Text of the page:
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Three (German) Cheers For The Ever Underestimated Angela Merkel

Op-Ed: Germany's relative economic strength and Angela Merkel's steady leadership on the debt crisis are being lauded around the world. Now it's time that Merkel gets some overdue respect from her own citizens.

BERLIN - The world views Germany right now with more than a little envy. The country weathered well the 2008 global economic crisis, its budget is pretty much on-track, unemployment is shrinking, and the head of government is a woman who has both the ambition and the disposition to show badly indebted countries a minimum of economic decency in bailing out the euro.

But little value is attached to these efforts in Germany. In fact, something of a grousing, even supercilious tone is to be heard in criticisms of Angela Merkel and her government. Put simply, one could speak of a basic lack of respect for the nation's chancellor even as she works tirelessly to ensure that the foundations of Germany’s prosperity are not lost.

In presenting the facts to the Bundestag before leaving for Brussels, Merkel once again used an unemotional, factual tone in sharp contrast to the excitability of many experts and populists. Stoically, with just a trace of leavening humor, she presented the outlines of her approach with every effort to be as clear as possible.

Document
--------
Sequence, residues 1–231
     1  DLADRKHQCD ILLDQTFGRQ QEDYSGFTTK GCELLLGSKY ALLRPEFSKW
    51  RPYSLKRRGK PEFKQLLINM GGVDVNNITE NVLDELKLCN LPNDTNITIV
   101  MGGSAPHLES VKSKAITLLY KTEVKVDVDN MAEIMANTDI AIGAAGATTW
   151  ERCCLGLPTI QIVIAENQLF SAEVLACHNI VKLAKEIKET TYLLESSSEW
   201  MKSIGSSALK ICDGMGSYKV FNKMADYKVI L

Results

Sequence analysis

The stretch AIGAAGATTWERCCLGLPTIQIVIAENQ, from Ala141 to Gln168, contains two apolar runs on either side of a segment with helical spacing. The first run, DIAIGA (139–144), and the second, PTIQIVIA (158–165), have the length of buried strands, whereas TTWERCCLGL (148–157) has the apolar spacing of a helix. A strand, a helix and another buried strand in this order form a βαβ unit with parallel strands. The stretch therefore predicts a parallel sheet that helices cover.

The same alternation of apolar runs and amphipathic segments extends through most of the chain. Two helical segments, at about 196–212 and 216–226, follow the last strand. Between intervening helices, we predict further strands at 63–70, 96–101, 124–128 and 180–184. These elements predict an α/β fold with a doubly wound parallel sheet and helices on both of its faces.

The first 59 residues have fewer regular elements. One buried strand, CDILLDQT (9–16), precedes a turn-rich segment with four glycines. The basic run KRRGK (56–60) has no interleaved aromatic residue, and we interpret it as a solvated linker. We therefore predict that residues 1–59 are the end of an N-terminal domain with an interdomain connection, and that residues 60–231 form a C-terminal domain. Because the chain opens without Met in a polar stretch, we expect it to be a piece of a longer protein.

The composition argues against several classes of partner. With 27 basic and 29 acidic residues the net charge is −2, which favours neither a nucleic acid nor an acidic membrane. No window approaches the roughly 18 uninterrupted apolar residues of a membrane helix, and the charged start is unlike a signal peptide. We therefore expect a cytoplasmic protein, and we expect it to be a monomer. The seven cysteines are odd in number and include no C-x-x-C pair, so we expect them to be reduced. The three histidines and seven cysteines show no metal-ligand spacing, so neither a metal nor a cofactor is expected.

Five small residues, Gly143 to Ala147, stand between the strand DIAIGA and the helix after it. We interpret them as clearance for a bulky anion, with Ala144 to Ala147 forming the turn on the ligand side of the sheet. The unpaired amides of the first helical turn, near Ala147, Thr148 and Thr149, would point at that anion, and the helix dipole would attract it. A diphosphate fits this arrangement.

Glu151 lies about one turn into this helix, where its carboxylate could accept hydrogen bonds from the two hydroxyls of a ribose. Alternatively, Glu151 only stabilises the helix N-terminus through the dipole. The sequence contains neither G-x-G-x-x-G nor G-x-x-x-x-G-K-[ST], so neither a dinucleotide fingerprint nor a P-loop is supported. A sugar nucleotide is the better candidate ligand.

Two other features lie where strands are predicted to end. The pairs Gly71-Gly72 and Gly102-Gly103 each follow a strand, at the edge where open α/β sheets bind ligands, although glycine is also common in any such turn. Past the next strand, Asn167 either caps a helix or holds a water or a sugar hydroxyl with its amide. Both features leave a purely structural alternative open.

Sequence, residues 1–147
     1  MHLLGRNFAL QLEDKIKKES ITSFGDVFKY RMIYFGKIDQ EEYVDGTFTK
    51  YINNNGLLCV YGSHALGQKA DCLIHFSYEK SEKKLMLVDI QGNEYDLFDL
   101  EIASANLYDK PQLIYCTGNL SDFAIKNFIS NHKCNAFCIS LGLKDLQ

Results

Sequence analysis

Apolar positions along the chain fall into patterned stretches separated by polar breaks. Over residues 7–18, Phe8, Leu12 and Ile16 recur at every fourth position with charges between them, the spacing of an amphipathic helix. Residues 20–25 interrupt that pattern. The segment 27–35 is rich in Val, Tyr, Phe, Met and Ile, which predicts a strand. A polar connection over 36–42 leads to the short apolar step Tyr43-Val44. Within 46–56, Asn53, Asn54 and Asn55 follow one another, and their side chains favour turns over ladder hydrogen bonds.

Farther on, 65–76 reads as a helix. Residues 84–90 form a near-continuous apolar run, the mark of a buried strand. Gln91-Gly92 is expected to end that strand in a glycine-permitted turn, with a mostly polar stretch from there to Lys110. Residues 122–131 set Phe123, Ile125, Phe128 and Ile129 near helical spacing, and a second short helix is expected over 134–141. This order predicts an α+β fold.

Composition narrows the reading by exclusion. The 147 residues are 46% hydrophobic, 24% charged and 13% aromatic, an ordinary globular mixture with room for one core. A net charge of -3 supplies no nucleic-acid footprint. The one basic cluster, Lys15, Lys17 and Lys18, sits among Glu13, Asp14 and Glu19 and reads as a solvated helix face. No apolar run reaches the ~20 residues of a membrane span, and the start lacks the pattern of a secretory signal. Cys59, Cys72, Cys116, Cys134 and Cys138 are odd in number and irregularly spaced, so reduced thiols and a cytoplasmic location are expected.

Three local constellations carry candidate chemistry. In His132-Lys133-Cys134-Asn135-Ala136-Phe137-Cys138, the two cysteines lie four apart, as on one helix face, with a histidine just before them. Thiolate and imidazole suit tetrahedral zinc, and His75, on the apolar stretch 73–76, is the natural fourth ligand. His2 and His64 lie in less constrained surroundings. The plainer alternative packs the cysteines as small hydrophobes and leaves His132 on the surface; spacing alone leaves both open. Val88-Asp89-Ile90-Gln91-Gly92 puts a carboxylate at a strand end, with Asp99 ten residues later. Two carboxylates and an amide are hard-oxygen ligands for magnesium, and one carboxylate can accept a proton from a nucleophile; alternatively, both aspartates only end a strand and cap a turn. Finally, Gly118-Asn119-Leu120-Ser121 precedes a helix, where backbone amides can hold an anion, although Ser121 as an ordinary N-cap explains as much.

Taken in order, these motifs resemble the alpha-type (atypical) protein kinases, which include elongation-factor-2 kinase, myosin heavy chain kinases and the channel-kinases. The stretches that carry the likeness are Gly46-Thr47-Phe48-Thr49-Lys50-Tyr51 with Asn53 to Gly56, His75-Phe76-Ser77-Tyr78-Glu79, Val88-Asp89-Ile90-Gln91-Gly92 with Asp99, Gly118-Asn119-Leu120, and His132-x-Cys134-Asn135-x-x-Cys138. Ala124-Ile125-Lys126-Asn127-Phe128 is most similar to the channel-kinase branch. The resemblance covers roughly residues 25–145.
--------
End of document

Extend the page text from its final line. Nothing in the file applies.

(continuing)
The tendency of states to leave the tab for someone else to pick up must come to an end, conditions for sustainable growth have to be created, while at the same time the European Central Bank’s ominous tendency to print more and more money has to be stopped, Merkel said.

The bailout plans were admirably presented by her not as some kind of wise final decision, but as a result of realistically arranged and workable compromise strategies.

Germans have to trust their chancellor – trust that she will savvily represent their interests that cannot be separated from those of Europe. There is plenty to criticize about Merkel, such as her marked preference for flying by sight. But in the present situation, it is in Germany’s interest to wish her luck, endurance and perseverance.

Read the original article in German

Photo - Bundeswehr-Fotos Wir.Dienen.Deutschland.


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About this article source Website:

Die Welt (“The World”) is a German daily founded in Hamburg in 1946, and currently owned by the Axel Springer AG company, Europe's largest publishing house. Now based in Berlin, Die Welt is sold in more than 130 countries. A Sunday edition called Welt am Sonntag has been published since 1948.

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